And another thing I’m learning from the kids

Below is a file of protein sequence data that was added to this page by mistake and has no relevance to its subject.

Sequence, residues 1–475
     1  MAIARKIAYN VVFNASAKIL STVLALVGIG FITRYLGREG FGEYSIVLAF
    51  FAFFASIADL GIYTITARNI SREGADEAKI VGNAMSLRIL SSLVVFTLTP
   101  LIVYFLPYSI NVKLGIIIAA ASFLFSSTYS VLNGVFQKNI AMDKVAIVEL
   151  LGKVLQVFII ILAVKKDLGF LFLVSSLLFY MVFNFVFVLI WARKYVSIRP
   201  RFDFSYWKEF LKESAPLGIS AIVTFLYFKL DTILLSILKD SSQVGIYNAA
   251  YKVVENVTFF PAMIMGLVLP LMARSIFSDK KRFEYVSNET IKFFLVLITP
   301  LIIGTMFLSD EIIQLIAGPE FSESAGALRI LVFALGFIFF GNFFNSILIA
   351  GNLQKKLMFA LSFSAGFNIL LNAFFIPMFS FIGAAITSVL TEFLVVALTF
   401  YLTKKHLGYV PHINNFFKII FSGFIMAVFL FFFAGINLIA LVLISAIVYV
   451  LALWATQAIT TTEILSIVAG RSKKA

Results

I’m greatly impressed, lately, by the power of silence.  And not just the kind you think I mean, where the noise finally subsides and we can hear the ringing in our ears and take a deep breath before it all starts up again.  No, I mean the kind of silence that is intentionally made and kept as a conscious choice.  My older son, Ezra, likes to ask for silence in the car on the way home from daycare.  And tonight, as I lay next to him at bedtime and asked if he wanted a song, he said, “Not yet, Mama.”  And he lay quietly for a good long while.  I used to listen, in the silence, for the things I wasn’t hearing: the music, the conversations, the stories.  I used to plan for what would come next or imagine what might have been.  But lately I’m just trying to do what he does: to hear the world as it is and his own presence in it, without comment or contribution.  Just listening to all that comes in on the breath and noticing all that goes out with it.  The world is a full place indeed, and those places of quiet are one of my son’s many gifts.